A/V Room









Paul Nelson - The Memorial Service: Friends gather to say a fond farewell

Review by David Munro

ON SUNDAY, June 13, at his beloved Halfmoon Pub, in Putney, family , friends and former colleagues of Ted Rhodes (or Paul Nelson as this site knew him) gathered to pay their last respects and to celebrate his memory in a semi-performed tribute.

Hosted and created by Martin Cort , the actor, director and close friend, it summarised the highlights in his career, starting from his roots in Yorkshire, and then his entry into RADA, continuing through his acting career in theatre and films, to the television period, where he not only wrote the scripts for established programmes such as Z Cars, The Avengers and Dr Who, but was instrumental in creating the evergreen All Creatures Great and Small.

He also became largely responsible for ensuring his scripts were properly presented on air. Finally, the tribute was rounded off by affectionate memories of his newspaper career and his acclaimed ability as a critic.

Martin Cort’s personal memories and historical narrative were interspersed with personal reminiscences and performances by actresses Ted had admired.

First, Billie Stevens, of Putney’s Swanbank am-dram company, sang Noel Coward’s wickedly amusing The Spinning Song.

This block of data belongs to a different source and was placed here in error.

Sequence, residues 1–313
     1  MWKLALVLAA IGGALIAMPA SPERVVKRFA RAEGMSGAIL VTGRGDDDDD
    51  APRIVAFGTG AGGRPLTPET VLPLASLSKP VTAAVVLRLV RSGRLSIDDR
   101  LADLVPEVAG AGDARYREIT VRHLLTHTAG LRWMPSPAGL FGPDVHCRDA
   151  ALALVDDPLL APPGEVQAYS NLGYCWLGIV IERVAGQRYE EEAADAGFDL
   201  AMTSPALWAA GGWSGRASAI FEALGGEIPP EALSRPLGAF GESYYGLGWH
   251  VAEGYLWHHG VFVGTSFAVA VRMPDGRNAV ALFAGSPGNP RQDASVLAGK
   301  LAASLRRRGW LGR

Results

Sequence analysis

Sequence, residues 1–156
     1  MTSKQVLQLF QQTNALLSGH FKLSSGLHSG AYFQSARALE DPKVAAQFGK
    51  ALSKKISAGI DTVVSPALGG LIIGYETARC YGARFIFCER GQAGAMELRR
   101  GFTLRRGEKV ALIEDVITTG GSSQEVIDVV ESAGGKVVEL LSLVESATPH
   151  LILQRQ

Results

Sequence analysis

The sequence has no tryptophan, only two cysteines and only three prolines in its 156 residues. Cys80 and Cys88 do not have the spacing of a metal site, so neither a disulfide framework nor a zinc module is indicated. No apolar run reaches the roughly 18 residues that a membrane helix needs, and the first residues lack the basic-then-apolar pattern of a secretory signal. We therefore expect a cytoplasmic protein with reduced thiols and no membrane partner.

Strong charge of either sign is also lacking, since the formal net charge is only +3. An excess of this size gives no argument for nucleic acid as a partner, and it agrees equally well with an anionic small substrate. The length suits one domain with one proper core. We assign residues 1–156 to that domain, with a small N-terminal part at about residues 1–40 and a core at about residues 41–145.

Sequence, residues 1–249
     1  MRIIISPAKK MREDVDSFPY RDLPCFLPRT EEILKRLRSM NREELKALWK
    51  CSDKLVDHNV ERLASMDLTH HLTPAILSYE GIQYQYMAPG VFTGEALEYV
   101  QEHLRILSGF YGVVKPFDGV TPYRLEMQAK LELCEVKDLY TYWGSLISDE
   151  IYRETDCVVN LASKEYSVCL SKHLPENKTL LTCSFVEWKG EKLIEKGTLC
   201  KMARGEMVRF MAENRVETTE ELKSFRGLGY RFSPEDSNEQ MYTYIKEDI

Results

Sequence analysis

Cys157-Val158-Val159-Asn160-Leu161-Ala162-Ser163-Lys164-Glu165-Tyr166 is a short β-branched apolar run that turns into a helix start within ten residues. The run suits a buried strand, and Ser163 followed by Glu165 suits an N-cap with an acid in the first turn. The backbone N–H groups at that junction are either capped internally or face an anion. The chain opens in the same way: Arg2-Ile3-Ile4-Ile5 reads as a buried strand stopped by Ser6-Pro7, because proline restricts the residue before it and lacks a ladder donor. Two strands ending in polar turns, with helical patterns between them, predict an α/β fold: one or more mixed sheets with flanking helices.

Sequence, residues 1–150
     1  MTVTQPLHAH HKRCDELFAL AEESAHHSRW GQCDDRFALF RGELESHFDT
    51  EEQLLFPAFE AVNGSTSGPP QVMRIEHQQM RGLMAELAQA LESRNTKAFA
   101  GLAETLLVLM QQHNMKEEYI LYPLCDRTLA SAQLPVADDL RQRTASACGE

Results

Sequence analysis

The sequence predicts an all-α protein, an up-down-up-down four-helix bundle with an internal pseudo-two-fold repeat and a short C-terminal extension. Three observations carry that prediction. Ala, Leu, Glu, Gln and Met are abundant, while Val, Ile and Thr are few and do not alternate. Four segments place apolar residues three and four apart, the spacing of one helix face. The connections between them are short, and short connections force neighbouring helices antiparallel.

Gay Soper then sang a medley which included one of Ted's favourites, Stephen Sondheim’s Can that boy Foxtrot?.

Gay is an actress and cabaret artiste he greatly admired, and who became a good friend, sharing his love of music. Both singers were accompanied on the keyboard by Lawrence Payne.

Camilla Mathias acted a scene from Les Liaisons Dangereuse, which she had performed last year to Ted’s great critical applause at the Pentameters Theatre.

Then there were personal appreciations: Mr Patrick Letharby paid tribute to the support Ted had given to the Salvation Army in his column, interspersed with memories of a more bibulous nature.

Chris Borg and Steve Williams, his journalist colleagues from the Wandsworth Borough News, praised his expertise as a newspaper man, expressing appreciation of the help he had given them in their careers on the paper.

Actress, Mossy Smith, told how, when her career seemed to be in the doldrums, Ted had been horrified at her professional name, which was Marion Owen Smith, quipping that they must be the three worse actresses in theatre.

He then went on to suggest her present name; the adoption of which had greatly enhanced her career. She read ‘Symptom Recital’, by Dorothy Parker.

Peter Stenson, an actor well-known in fringe theatre, and whose performances Ted had reviewed and admired, opened and closed the interpolations, firstly by reading a verse from Ecclesiastes and lastly with a tribute to Ted as a critic.

The Elastic Band, the jazz group Ted adored for many years, and whom he praised from time to time in his column and reviews, then completed the afternoon with a session comprising many of Ted’s favourite tunes.

During the proceedings Ted's regular seat and table were poignantly left empty and, as a final tribute, the entire company raised a glass to toast his memory.

It was a well-conceived and beautifully executed tribute which I know Ted would have revelled in.

Although not a vain man, he liked being appreciated and the afternoon’s tribute showed how greatly he is and had been loved and respected, and how he always will be remembered as a true professional and a loyal friend.

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